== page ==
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“Abused Goddesses” Campaign Shocks India Using Religious Images To Condemn Domestic Violence

abused goddesses campaign

India is home to one of today’s biggest contradictions. A Hindu country, it has a rich history of revering women in religion and mythology – yet it is one of the most unsafe nations in the world for it’s female citizens (4th most dangerous, according to the U.N.)

Last year alone, 244,270 crimes against women were reported in India. More than 68% of women in India are victims of domestic violence. It’s believed that 100 million Indians, largely women and girls, are victims of human trafficking.  Up to 50 million girls are “missing” over the past century due to female infanticide and foeticide. 44.5 percent of girls are married before the age of 18.

And yet, millions of Indians participate in literally hundreds of festivals and activities that celebrate their beloved Goddesses, and credit them with the very gift of life.

Last year, India’s treatment of women gained international attention when a group of men sexually violently assaulted a 23-year-old university student for hours on a moving bus in New Delhi. The attack, which later killed the woman, caused outrage across India and re-ignited conversations about violence against women around the world.  (In response to this tragedy, 600 guitarists gathered to play “Imagine.”)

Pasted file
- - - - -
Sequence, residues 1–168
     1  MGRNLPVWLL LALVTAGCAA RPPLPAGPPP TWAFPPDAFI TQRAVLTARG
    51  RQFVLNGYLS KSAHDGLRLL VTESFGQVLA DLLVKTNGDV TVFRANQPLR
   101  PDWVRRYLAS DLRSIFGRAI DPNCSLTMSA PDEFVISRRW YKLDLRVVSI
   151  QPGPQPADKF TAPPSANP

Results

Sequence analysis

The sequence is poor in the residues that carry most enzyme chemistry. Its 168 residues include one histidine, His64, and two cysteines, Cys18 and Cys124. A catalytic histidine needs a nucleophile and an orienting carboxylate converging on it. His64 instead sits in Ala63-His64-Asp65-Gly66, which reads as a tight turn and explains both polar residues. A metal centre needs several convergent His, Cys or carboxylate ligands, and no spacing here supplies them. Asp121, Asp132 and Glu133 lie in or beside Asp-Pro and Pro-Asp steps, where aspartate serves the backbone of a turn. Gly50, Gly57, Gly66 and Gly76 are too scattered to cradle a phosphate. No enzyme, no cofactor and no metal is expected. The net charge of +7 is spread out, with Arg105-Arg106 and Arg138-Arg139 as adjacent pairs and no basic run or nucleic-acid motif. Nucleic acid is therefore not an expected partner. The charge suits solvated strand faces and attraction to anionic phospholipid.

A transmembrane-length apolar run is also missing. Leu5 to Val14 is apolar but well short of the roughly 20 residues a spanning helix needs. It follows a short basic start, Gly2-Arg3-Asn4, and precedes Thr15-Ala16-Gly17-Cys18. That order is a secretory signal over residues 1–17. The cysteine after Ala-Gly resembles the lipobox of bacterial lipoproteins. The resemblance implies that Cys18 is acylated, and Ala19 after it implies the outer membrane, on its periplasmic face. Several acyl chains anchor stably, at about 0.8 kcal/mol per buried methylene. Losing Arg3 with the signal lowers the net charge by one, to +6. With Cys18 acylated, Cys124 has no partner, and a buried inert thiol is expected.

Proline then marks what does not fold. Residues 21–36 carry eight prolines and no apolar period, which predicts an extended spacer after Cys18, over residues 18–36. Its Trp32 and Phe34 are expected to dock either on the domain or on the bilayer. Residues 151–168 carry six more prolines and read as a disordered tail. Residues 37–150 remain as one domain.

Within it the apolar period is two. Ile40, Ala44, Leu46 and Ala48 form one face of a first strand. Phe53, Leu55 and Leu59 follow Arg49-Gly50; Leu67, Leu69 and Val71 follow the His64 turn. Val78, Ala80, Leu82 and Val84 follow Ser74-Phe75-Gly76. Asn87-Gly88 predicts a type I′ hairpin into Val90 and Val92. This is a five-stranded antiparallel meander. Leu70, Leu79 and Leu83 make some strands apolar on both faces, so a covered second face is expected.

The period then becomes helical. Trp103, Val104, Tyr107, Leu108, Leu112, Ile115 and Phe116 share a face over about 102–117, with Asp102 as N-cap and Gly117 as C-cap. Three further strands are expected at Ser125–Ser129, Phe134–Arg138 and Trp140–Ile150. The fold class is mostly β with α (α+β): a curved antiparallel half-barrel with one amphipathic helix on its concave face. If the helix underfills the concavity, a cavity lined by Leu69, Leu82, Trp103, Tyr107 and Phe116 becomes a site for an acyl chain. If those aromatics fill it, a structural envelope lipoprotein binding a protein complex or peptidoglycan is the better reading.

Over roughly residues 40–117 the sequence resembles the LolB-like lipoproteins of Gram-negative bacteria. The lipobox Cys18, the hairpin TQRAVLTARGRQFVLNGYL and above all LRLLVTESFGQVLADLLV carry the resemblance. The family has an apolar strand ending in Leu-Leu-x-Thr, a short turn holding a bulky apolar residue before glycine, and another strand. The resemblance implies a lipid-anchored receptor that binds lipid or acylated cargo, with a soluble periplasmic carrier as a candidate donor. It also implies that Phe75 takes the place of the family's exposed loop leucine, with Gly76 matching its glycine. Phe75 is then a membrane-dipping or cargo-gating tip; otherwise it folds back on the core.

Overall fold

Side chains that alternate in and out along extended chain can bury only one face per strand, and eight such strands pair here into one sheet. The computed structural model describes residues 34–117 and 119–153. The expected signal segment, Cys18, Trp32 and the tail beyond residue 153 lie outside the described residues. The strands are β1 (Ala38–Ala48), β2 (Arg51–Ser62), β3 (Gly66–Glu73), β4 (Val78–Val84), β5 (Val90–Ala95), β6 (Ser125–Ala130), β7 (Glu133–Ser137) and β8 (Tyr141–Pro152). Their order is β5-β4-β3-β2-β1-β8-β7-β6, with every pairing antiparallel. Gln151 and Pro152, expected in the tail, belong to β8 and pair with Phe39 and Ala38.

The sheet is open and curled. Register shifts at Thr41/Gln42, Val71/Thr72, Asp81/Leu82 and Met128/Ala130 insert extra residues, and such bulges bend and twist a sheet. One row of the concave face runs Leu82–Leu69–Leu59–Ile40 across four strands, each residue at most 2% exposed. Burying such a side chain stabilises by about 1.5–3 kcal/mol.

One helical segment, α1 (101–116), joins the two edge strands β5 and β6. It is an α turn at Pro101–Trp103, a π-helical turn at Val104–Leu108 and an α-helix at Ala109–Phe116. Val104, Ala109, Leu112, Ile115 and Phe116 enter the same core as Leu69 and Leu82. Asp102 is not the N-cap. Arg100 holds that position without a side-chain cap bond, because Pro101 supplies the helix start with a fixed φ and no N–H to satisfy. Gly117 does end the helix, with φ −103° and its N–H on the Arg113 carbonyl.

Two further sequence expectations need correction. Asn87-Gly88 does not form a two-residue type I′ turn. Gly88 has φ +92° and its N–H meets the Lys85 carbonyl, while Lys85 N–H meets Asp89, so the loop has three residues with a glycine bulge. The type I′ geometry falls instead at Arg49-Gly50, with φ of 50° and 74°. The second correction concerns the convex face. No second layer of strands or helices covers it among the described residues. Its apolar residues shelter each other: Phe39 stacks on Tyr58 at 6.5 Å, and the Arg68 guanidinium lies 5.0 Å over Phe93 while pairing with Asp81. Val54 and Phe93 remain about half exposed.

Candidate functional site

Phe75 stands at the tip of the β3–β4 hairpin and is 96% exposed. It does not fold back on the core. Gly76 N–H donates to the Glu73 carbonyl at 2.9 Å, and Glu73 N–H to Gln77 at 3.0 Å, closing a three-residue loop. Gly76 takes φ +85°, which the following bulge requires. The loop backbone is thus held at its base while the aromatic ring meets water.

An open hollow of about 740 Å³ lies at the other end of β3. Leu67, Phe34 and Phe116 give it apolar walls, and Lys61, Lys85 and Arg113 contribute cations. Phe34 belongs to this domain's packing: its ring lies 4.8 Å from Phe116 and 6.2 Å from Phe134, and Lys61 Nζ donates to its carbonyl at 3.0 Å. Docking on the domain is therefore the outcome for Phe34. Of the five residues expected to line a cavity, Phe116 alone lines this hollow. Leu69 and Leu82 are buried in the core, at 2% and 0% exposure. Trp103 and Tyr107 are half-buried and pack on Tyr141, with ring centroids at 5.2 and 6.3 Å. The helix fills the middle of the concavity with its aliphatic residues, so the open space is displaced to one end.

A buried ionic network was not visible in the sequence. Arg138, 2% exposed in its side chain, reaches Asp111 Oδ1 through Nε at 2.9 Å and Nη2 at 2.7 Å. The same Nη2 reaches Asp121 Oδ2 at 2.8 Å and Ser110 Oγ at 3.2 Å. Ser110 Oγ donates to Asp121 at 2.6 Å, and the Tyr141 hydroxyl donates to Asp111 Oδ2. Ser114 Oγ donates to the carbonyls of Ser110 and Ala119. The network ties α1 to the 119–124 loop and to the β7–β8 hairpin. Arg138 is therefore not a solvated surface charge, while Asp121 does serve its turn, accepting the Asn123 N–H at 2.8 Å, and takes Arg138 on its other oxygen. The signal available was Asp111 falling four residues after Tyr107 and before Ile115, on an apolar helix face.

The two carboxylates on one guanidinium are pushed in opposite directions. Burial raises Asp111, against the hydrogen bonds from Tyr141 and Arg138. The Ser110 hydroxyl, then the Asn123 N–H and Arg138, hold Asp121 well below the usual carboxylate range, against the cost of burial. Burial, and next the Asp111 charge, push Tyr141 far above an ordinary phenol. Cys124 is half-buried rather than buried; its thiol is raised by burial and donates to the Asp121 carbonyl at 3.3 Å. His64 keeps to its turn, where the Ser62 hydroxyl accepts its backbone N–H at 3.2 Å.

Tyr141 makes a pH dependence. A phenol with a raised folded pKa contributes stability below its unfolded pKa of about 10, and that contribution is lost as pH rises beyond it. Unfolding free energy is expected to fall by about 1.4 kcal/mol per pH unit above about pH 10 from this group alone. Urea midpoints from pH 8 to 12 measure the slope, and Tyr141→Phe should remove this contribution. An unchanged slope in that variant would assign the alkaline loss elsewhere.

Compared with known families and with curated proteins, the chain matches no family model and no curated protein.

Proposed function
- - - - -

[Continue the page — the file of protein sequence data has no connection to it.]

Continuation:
To hit the population with a campaign where it would hurt most, Ad agency Taproot physically created abuse images using the traditional posters of Hindu goddesses that are worshipped across the country.  They used the very pictures and posters that hang in temples and people’s home, that they pray to daily, and turned them into something that would shock and bring attention to the reality of the domestic violence situation in their country.  To put the campaign in perspective, it would be as shocking as using paintings of Jesus in an ad campaign in America. Agency Taproot created the campaign for non-profit organization Save Our Sisters (SOS*.)  

Featuring the Hindu goddesses Lakshmi, Durga and Saraswati, the shots show the women in typical serene yet powerful poses. Each goddess bears the scars of physical violence -a graze, black eye, a fat lip and cuts.

*SOS is an initiative of Save the Children India that works to prevent the trafficking of young girls and women for purposes of commercial sexual exploitation.
The Campaign:
goddess abuse campaign

Above: Durga, the goddess of good triumphing over evil, sports a black eye and a bloody lip in this image

hindu goddesses anti-violence campaign

Above: This striking image depicts Lakshmi, the goddess of wealth, as a battered domestic violence victim

Below: Saraswati, goddess of knowledge and arts, also features alongside wealth goddess Lakshmi
india anti-abuse campaign
abused goddesses campaign